- Today's Approach to Security is Broken
- Google introduces Chrome 'factory reset' pop-ups to tackle extensions hijacks
- Fake-police ransomware reaches Australia
- Microsoft confirms HTTP Strict Transport Security for IE 12
- Review: Linux Security Distributions
The official calendar for Joshua Wright, a commissioner with the U.S. Federal Trade Commission, shows he has had many meetings with technology company lobbyists, but none with consumer advocates, even though consumer protection is a major part of the agency's mission.
The U.S. Federal Trade Commission should investigate Facebook's proposed US$19 billion acquisition of mobile messaging app WhatsApp -- and possibly block it -- because of the potential impact on users' privacy, two privacy groups said in a complaint filed Thursday.
A U.S. appeals court has once again rejected Google's argument that it did not break federal wiretap laws when collecting user data from unencrypted wireless networks for its Street View program.
Privacy rights advocates and legal experts this week said they were disappointed but not surprised with the U.S. Supreme Court's denial of a petition challenging the legality of the National Security Agency's phone metadata collection program.
The U.S. Supreme Court has denied the Electronic Privacy Information Center's petition for it to review a National Security Agency (NSA) phone record data collection program.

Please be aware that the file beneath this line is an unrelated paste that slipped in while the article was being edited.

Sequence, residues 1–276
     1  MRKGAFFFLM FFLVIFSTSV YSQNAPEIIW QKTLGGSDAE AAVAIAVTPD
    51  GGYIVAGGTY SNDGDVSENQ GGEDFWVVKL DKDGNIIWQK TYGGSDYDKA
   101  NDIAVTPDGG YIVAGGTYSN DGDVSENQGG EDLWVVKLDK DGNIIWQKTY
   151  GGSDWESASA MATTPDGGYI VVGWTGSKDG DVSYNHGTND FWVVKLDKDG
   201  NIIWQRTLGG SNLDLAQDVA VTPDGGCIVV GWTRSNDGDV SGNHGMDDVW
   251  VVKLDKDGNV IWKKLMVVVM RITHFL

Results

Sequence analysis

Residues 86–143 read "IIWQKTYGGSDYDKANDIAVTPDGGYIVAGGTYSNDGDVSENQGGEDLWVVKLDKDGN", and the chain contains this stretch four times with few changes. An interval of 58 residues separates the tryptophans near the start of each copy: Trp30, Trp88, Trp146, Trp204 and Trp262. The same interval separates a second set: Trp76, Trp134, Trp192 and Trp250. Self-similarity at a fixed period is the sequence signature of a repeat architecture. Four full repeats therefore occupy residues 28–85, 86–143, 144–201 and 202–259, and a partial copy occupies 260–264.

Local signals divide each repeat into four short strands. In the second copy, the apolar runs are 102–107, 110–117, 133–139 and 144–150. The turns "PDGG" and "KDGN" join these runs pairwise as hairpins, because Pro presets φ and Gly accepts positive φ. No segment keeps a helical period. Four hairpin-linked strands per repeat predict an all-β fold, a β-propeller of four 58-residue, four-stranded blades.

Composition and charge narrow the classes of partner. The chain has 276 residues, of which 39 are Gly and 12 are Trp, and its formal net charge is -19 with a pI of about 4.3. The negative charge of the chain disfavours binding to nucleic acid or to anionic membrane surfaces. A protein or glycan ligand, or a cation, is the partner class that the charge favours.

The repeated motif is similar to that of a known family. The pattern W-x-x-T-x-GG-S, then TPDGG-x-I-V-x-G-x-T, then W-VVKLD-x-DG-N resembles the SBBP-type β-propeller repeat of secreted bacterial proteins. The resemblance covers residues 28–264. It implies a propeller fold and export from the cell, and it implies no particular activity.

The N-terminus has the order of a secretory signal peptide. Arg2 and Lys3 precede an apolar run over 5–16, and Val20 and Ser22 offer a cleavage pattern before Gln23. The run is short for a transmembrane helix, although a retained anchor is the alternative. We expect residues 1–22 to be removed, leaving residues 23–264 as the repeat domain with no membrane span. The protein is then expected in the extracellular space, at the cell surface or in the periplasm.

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Incident handling is a vast topic, but here are a few tips for you to consider in your incident response. I hope you never have to use them, but the odds are at some point you will and I hope being ready saves you pain (or your job!).
- Have an incident response plan.
- Pre-define your incident response team
- Define your approach: watch and learn or contain and recover.
- Pre-distribute call cards.
- Forensic and incident response data capture.
- Get your users on-side.
- Know how to report crimes and engage law enforcement.
- Practice makes perfect.
I’m dating myself, but I remember when holiday shopping involved pouring through ads in the Sunday paper, placing actual phone calls from tethered land lines to research product stock and availability, and actually driving places to pick things up. Now, holiday shoppers can do all of that from a smartphone or tablet in a few seconds, but there are some security pitfalls to be aware of.